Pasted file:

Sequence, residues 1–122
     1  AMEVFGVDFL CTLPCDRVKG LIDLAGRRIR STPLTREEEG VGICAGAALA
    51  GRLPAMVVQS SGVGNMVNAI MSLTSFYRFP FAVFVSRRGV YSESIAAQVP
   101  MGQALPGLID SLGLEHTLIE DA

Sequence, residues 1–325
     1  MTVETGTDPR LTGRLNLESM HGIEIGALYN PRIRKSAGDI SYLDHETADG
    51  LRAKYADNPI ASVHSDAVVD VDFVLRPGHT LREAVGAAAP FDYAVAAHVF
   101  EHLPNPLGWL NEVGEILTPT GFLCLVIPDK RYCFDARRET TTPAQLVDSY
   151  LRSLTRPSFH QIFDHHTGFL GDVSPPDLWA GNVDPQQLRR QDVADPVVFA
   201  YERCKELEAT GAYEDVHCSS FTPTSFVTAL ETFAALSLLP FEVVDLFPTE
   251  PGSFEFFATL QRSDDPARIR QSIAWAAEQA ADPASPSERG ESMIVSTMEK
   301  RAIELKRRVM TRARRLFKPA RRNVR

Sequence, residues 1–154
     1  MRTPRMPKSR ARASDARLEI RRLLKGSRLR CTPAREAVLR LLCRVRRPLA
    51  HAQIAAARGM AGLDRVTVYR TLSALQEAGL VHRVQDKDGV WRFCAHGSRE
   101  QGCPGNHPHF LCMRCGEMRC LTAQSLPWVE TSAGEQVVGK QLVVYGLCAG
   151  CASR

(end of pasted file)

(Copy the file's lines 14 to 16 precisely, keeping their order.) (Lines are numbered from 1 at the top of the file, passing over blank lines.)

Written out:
     1  MRTPRMPKSR ARASDARLEI RRLLKGSRLR CTPAREAVLR LLCRVRRPLA
    51  HAQIAAARGM AGLDRVTVYR TLSALQEAGL VHRVQDKDGV WRFCAHGSRE
   101  QGCPGNHPHF LCMRCGEMRC LTAQSLPWVE TSAGEQVVGK QLVVYGLCAG